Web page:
When she was thirteen, my mother was adopted by a man known as Black George McDonald. Why he adopted her, or any of the details surrounding the adoption, I do not know; I do know that his name sounds like it came straight out of a novel. I've been told that he had made some discoveries of gold and was involved with building the town of Alexandria, between Montreal and Toronto. So Black George evidently had financial means, but I don't know his intentions. He must have had some kindness, however, because my mother wanted to become a nurse and he funded her nursing education. His gift led her to Brooklyn, where she completed her nurse's training, met and married my father, birthed my brother, prayed for a girl, and got me. Although you can clearly deduce that knowing of my mother's disappointment over my birth is painful for me, I have nonetheless committed to try to express gratitude in these pages. So in that spirit, I say, "Thank you, Black George McDonald. I'm not quite sure what all I'm thanking you for, but your grace toward my mother led to my birth, wanted or not. So thanks."

The nurse's training my mother received was based on the popular methods of the 1920s. The word parenting, if you can believe it, did not become commonplace until the late 1950s; prior to that it was childrearing. The rule was discipline, regimentation, sternness, and a minimum of affection. Early behaviorists like J. B. Watson influenced the thought and approach. Here's a quote that speaks volumes as to the mood of the times: "Mother love is a dangerous instrument that can wreck a child's future chance for happiness." Watson advocated a brisk handshake every morning between parent and child, nothing more. As alien as that sounds now, that was the world into which my brother and I were born. In many ways it was also the world in which my mother grew up.

As I try to understand the mysteries of my life, I must consider the voices and experiences that shaped my mother. Her odyssey from orphan to registered nurse to young mother was nothing less than heroic survival, but heroes don't always make the best parents.

* * *

Add to this story a man named Emmett Manning, my father. He and my mother were, in many ways, a pair of contrasts. Unlike my mother, he was not orphaned as a child. In fact, from the time my parents were married, my father's parents lived with us. My mother's father figure was some shadowy benefactor, Black George, but my father's father was a very real alcoholic. I have no idea what my mother lived through as a girl, but I saw glimpses of the rages my father endured as a boy. I learned then that there is more than one way to orphan a child.

Against my mother's nursing degree stood my father's rickety eighth-grade education. Her status as a registered nurse made her quite marketable, even during the Great Depression. She held down two jobs, actually—eight hours a day at St. Mary's Hospital, followed by another shift of private nursing. My father's employment, when it happened, was always described as temporary or part-time.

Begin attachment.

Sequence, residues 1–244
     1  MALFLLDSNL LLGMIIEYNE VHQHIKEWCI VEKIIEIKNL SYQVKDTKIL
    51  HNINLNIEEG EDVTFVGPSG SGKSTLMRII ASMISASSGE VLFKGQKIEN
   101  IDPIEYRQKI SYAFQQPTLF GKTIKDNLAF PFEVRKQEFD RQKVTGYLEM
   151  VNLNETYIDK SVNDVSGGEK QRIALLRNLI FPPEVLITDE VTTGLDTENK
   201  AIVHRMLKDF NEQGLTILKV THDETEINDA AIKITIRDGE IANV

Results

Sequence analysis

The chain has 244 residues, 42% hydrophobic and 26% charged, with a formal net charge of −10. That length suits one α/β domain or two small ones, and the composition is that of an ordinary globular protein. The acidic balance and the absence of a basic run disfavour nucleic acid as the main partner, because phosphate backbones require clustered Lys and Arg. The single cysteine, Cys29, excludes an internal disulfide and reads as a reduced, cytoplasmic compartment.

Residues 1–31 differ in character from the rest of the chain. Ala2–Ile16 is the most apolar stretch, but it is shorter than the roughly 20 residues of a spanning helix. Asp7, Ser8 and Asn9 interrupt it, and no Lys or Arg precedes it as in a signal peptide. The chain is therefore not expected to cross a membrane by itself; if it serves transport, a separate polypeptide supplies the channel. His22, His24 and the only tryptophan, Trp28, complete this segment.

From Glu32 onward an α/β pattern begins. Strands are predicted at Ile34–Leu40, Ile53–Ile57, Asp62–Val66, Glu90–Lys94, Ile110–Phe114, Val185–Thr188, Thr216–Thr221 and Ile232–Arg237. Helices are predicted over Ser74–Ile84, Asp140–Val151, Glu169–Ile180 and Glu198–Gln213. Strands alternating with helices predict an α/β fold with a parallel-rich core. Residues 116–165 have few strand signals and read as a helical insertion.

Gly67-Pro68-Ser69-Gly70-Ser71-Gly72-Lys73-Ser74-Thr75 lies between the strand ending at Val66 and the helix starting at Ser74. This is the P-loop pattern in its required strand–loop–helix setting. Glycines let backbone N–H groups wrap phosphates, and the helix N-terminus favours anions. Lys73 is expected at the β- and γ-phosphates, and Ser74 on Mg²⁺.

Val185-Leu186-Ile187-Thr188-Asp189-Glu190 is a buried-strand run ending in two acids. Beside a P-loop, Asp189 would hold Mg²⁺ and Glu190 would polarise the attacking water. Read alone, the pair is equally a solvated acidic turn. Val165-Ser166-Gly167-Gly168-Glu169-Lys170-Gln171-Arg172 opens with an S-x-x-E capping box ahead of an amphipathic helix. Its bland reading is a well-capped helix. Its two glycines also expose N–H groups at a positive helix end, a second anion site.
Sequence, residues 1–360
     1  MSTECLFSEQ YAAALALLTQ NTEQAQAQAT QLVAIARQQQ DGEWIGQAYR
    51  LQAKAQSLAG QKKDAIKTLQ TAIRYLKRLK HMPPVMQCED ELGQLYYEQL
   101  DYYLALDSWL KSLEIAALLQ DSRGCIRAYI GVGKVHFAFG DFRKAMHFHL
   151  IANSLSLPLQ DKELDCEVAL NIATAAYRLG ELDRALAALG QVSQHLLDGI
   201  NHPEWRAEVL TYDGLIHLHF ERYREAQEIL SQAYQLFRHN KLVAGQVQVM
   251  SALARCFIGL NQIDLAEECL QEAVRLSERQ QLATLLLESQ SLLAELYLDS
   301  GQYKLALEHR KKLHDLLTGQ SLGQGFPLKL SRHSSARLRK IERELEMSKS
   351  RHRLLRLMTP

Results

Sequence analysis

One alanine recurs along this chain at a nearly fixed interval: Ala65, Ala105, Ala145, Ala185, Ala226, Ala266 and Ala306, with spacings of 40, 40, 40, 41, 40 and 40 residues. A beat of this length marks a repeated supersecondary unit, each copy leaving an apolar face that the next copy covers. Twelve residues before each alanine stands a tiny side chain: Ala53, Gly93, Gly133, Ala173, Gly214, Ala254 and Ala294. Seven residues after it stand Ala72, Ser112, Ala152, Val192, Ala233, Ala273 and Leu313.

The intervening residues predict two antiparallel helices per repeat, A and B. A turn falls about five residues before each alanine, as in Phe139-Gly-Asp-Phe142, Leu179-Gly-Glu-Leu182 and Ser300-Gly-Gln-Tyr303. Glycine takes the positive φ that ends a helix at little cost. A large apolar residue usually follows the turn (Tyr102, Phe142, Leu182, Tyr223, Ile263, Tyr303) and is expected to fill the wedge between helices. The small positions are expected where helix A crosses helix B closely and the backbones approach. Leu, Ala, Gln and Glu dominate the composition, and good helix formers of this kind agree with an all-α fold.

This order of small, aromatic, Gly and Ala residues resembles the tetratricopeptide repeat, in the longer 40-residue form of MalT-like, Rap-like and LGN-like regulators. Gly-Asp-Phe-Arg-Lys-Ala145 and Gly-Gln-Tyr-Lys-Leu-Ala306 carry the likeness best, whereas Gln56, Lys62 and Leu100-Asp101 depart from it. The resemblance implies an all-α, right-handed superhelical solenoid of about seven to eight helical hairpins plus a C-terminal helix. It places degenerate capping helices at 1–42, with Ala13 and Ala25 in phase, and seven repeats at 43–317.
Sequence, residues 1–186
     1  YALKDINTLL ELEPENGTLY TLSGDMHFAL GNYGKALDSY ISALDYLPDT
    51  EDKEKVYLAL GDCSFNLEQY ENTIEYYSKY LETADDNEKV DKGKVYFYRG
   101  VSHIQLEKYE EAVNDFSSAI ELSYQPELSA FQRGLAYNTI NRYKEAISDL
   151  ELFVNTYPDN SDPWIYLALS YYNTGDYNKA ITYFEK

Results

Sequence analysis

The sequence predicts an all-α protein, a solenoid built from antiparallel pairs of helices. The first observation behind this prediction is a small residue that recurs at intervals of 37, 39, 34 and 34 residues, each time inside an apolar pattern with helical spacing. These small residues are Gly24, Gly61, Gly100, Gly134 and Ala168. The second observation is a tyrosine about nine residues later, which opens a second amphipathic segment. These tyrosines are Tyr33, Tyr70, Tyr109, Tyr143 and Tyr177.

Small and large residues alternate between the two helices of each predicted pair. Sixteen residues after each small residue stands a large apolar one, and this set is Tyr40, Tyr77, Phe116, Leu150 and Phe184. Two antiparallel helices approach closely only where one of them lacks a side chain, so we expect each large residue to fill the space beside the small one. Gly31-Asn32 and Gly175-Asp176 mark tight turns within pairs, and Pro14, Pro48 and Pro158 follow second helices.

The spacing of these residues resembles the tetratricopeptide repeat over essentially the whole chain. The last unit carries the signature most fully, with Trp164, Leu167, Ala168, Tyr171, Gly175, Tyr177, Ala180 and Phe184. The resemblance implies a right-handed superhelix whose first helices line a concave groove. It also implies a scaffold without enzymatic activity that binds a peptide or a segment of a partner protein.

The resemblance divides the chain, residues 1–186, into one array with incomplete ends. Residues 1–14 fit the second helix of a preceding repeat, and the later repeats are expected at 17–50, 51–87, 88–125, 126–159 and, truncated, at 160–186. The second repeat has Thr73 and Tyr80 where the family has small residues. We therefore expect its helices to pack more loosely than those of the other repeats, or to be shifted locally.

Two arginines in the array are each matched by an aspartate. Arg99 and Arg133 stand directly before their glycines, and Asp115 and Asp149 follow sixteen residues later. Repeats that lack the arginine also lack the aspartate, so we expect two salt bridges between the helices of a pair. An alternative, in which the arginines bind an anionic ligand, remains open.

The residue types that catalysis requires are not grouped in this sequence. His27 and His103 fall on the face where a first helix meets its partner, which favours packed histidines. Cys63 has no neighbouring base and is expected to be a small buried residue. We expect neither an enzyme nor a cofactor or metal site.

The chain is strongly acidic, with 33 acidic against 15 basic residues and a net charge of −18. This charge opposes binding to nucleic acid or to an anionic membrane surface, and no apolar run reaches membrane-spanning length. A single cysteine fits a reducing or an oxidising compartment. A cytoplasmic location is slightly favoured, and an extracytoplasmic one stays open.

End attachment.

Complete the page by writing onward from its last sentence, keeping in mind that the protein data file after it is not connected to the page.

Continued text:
Temporary and part-time also describe the conversations I recall having with my father. Our words revolved around the subject of correction, my correction to be specific. In fact, the word conversations is a stretch; they were more like monologues with the same painful ending. I was sent to my room to drop my pants, and my father would whip me with his leather belt. Such displays probably made my father feel a semblance of power, but I knew that even his role as disciplinarian was defined only because my mother, the matriarch, willed it.

Day after day, my father would go out walking, always looking for work, wearing out his shoe leather. But I can't help but believe he was also out looking for something more, something he couldn't have put into words but felt on a daily basis. Maybe he was looking for himself and he knew his father back at the house was no help. Maybe he was looking for dignity, a belief that someone was proud of him. But my mother refused him that kind of respect. I don't know for certain what he searched for, but I do know that every day, he went walking.

You don't always get what you ask for, but you get what you get. Amy was a survivor; Emmett was a searcher. Together they made up the tallest trees in my forest—mother and father.

The question that he frames in all but words Is what to make of a diminished thing.

Robert Frost, "The Oven Bird"

(Continues...)



Excerpted from All is Grace by Brennan Manning Copyright © 2011 by Brennan Manning. Excerpted by permission of David C. Cook. All rights reserved. No part of this excerpt may be reproduced or reprinted without permission in writing from the publisher.
Excerpts are provided by Dial-A-Book Inc. solely for the personal use of visitors to this web site.

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  • Anonymous

    Posted July 31, 2012

    Beautiful...

    Beautiful...

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  • Posted March 4, 2012

    superb

    everone needs to read this one